How To Motivate Developers Without Micro-Managing
As former Intel CEO Andy Grove said in his seminal book High Output Management, a team will perform only if peak performance is elicited from the individuals in it.
But if you lead a team of developers, how can you make sure you’re leveraging their output without having to micromanage story points, bug fixes and lines of code?
As a product manager, I’ve spent a lot of time thinking about how to motivate my team and help increase the value of the people I’m responsible for.
One word I keep coming back to is belief.
For a team to feel motivated, it needs to believe in what it’s doing. That goes for every team in your organisation, not just engineering or product development.
Without belief, you run the risk of building a feature factory where developers clock in and crank through code for seven hours without really thinking about it.
If you’re lucky, you’ll get the velocity you need. But you’ll never build a product that can change the world.
So how do you get your developers to believe in what they’re doing? By involving them right from the start when you’re figuring out the vision and strategy for your product.
If your developers understand why you’re building a product and they understand how it’s being delivered, they’ll be more likely to take ownership of what they need to do to make it happen.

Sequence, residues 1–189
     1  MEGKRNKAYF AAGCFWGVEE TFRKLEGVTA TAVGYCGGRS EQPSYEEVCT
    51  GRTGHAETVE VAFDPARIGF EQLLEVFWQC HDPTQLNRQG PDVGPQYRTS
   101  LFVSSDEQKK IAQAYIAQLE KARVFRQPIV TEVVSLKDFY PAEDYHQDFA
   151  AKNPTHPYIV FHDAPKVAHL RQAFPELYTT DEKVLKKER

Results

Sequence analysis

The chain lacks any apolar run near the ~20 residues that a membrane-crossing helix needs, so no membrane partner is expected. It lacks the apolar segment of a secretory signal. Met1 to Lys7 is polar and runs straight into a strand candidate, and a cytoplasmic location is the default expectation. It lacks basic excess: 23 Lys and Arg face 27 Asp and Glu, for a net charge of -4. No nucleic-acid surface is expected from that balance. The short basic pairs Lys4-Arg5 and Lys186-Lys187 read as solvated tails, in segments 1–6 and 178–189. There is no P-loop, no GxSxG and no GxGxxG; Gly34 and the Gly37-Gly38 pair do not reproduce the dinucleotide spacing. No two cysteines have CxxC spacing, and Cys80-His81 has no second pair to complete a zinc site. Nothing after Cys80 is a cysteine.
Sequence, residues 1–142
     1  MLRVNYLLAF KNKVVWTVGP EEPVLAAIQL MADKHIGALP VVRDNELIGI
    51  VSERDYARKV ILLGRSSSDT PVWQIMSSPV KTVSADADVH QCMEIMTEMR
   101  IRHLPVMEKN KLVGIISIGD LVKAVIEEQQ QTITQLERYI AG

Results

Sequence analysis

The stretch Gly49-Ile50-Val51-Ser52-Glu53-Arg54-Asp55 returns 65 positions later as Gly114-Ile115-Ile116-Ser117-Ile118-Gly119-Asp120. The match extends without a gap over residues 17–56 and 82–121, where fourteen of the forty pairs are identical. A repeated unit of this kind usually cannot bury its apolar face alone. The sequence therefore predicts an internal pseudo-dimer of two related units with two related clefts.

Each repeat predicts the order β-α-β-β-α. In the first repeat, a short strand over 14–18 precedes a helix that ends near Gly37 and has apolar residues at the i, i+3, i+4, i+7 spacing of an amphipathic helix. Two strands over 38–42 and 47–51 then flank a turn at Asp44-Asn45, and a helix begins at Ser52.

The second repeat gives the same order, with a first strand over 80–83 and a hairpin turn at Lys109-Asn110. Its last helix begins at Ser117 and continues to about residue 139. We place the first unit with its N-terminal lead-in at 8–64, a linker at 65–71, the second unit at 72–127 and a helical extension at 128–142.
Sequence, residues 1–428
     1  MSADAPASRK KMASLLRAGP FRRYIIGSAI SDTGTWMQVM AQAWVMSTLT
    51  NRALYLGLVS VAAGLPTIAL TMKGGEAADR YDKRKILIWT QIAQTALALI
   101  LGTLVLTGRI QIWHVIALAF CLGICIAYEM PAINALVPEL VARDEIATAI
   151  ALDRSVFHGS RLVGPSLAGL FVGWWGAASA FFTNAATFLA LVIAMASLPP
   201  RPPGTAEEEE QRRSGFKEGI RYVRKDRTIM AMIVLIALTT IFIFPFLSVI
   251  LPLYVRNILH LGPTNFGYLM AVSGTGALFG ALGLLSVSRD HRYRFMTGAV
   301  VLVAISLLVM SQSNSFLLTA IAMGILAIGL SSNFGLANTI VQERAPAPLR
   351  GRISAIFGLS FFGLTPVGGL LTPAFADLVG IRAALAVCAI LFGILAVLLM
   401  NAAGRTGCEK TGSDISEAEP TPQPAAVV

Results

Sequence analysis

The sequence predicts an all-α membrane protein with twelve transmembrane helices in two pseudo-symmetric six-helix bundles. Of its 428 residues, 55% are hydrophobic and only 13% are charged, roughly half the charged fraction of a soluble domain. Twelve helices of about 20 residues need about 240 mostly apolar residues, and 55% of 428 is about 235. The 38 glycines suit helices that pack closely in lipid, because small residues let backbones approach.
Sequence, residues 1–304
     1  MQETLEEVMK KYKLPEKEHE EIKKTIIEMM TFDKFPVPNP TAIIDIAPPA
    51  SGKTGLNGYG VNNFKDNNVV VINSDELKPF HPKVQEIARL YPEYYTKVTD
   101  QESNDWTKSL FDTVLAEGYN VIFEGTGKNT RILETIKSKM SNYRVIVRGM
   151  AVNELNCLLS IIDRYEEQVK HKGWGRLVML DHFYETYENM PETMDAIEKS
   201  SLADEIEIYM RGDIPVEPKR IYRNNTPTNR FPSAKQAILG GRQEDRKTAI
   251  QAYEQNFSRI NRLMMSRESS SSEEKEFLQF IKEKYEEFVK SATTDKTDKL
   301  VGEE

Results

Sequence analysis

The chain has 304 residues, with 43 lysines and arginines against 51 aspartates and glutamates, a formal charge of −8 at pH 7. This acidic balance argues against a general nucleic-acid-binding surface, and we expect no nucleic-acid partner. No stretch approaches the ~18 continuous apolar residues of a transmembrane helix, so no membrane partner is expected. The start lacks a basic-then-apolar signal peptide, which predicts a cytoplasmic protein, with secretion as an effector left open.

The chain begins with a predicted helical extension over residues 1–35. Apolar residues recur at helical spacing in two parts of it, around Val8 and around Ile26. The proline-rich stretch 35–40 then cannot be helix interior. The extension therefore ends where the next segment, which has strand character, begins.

Simon Sinek’s TED Talk on How Great Leaders Inspire Action has received more than 31 million views. And for good reason. The Golden Circle is the perfect model for getting buy-in for your vision, not just from your external customers but also from the people inside your organisation.
“People don’t buy what you do, they buy why you do it.”
And that includes your developers. They won’t always buy into the user stories you’ve just assigned to them in Jira, but they will buy into the differences the features they’re building are going to make for your product’s users.
Make sure everyone on your team understands the vision of your product. And don’t wait until you’ve got a fully-formed strategy and roadmap before you ask your developers to join the discussion.
Identify your product’s jobs to be done as early as you can and get your team to come up with the answers.
If your developers are using their own creativity to solve your users’ problems, then it’s almost guaranteed they’ll be motivated when it comes to delivering their solution.
Use frameworks like Objectives & Key Results to drive organisational growth and performance and try to maintain the right balance between shipping product and measuring results.
To refer back to Andy Grove, training and motivation are the only real ways to leverage the performance of a team.
If you want to motivate effectively, don’t tell your team members what to do; show them where you need to go and give them room to work out how to get there. You’ll be amazed by the results.